The Art of Deer Stalking: Stealthy Hunting on Foot

deer stalking

Most hunters in the US use some sort of hunting stand, allowing them to sit (typically obscured by a blind or out of an animal’s line-of-site in a tree stand) and wait for animals to wander by.

This is a good way of hunting, and many hunters bag coyotes, deer, and other animals by staying still. However, it’s not my favorite way to hunt. Instead, I like to stalk the deer.

Deer stalking is thrice as challenging as normal hunting. You’re less likely to shoot a deer when you have to sneak up on it. Plus, it’s more physically demanding. Yet, it’s probably the most satisfying way to find and bag a deer.

While I focus on deer for this article, you can stalk other game animals as well.

What is Stalking?

Foot on rock

No, this has nothing to do with creeping on somebody’s Facebook page!

Stalking is a hunting method in which the hunter moves silently through the woods on foot, tracking or spotting their game before taking the shot. This is also called “still hunting” or “spot and stalk.”

Unlike stand hunting, you have to move through the forest when stalking. You don’t wait for the deer; you go out and find the deer yourself.

Stalking requires you to master many skills, such as:

  • Stealthy movement
  • Observation
  • Reading the wind
  • Tracking
  • Offhand shooting
  • Patience
  • Physical endurance

These can all be practiced. In fact, you’ll need to practice them all before you have at a chance of shooting your first stalked deer; most humans are just too noisy to be ignored!

However, your success or failure also depends on a hunting aspect that doesn’t relate to your personal skill: gear.

Choosing the Right Gear

Proper equipment is more important when stalking than when blind hunting.

Your standard hunting gear is good enough for getting quietly to and from your tree stand. But is it up to the task of sneaking within twenty yards of a deer?


Hunter properly holding binocs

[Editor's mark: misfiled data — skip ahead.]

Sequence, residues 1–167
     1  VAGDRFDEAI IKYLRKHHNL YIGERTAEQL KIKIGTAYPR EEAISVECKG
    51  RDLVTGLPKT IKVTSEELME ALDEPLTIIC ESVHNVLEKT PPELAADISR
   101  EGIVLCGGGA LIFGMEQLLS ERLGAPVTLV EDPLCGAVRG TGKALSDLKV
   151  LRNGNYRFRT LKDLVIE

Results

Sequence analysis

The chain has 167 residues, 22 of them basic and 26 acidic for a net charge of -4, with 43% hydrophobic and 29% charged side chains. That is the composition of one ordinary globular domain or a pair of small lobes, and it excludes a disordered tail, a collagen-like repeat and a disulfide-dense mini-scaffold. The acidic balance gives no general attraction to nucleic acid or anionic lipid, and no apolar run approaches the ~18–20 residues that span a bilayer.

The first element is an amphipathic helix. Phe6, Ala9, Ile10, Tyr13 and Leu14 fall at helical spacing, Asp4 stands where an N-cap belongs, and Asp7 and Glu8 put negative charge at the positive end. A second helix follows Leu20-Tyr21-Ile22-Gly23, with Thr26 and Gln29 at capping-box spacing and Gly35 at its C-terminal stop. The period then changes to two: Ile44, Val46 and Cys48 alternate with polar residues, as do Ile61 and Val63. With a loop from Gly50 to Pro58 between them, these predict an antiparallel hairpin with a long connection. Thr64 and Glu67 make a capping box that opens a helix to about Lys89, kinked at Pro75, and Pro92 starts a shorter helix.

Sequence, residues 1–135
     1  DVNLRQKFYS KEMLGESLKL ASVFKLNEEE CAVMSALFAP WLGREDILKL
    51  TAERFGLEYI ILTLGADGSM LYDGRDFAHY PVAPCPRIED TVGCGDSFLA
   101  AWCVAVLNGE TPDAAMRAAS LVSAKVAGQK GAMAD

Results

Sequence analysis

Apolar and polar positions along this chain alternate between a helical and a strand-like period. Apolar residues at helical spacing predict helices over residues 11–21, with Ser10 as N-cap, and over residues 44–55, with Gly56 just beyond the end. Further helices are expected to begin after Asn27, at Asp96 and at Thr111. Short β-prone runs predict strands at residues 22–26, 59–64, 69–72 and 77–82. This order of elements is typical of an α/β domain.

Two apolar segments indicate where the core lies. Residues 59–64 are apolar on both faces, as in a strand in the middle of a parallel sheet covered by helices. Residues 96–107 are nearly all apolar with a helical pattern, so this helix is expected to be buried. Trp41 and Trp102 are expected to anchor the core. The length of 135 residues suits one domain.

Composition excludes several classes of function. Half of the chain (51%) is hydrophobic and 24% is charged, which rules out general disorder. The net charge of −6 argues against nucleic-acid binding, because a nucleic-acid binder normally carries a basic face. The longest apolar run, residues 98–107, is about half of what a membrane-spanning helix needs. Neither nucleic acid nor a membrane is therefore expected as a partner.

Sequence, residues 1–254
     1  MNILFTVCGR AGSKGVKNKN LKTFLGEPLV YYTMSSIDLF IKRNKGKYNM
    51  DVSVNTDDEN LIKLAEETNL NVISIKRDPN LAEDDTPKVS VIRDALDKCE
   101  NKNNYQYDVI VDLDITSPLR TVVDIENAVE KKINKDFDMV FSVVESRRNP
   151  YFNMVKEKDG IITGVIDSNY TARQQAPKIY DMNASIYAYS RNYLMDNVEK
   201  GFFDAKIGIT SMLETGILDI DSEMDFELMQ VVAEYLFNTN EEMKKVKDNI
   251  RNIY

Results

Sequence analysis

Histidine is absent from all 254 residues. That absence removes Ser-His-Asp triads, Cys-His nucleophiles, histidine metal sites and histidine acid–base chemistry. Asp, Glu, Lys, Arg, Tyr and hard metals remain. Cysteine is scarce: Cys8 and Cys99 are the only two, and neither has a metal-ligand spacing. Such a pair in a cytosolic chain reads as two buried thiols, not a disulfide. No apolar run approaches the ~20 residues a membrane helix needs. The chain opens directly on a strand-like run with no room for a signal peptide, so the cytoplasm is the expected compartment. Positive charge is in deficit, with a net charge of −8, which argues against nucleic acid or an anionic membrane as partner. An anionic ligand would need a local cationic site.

Everything you wear while stalking should be as stealthy as possible.

Naturally, you should wear camo that matches the area as closely as possible.

It should also be as quiet as possible. Some fabrics are quieter than others. Look for soft cotton (typically aimed at archers instead of riflemen). Avoid most synthetics, especially nylon.

Velcro will kill stealth. Snaps and zippers are better, but not by much. Look for magnetic closures, buttons, buckles, and elastic loops.

Straps are another clothing item to avoid. Though not inherently loud, a single strap catching a brush can cause enough of a racket to spoil your entire hunt!


You should maintain your hunting weapon in a state of readiness for the duration of your stalk.

This can be exhausting when carrying a heavy rifle, so err on the lightweight side.

You don’t even need a weapon!

Stalking is an excellent way for photographers to take amazing photos, too.


Pair of boots and cup by the tree

The most important difference between normal hunting and still hunting is your choice in footwear. Most hunters wear thick, sturdy hunting boots.

Leave those at home.

You want to have light boots or shoes with soft soles. As soft as possible.

The thickest-soled boot I would use for stalking is the Belleville Tactical Research Mini-Mil. This is a semi-minimalist boot with a flexible sole. I’ve also seen someone move silently on dry leaves with New Balance Minimus shoes. Other “barefoot running” shoes are good, too.

But honestly? You want footwear with even softer soles. Or without soles.

Leather-soled moccasins are designed for deer stalking. There is no better footwear than a good deerskin moccasin. Avoid those modern moccasins with thick soles, though! You can also stalk in your socks or even with bare feet, though this isn’t safe for all environments.

Bad footwear will break every twig underfoot. Good footwear will let you move like a ghost through the woods.

How to Stalk

Boot on grass upclose

The actual steps of stalking are easy:

  1. Take a silent step.
  2. Stop.
  3. Look for deer.
  4. If you have a good shot on a deer, take the shot.
  5. If you don’t see a deer or need to get closer to one, go to Step 1.

Believe it or not, the hardest part is Step 1. Though I will admit I sometimes have trouble with the patience skill!

Stalking Movement – The Fox Walk

In order to stalk your way through the woods to a successful deer hunt, you need to master the silent step.

Stealthy movement is slow and purposeful. You should never be in a position where you can’t stop immediately, so no momentum is involved. Some people call this movement “heel to toe.” I prefer calling it the “fox walk.”

Fox walking takes lots of practice to get right, so you should practice barefoot at home first. Then, go to a local park and practice some more. After that, practice some while scouting your hunting location.

Finally, once you have it down, take the fox walk into the woods and track that deer!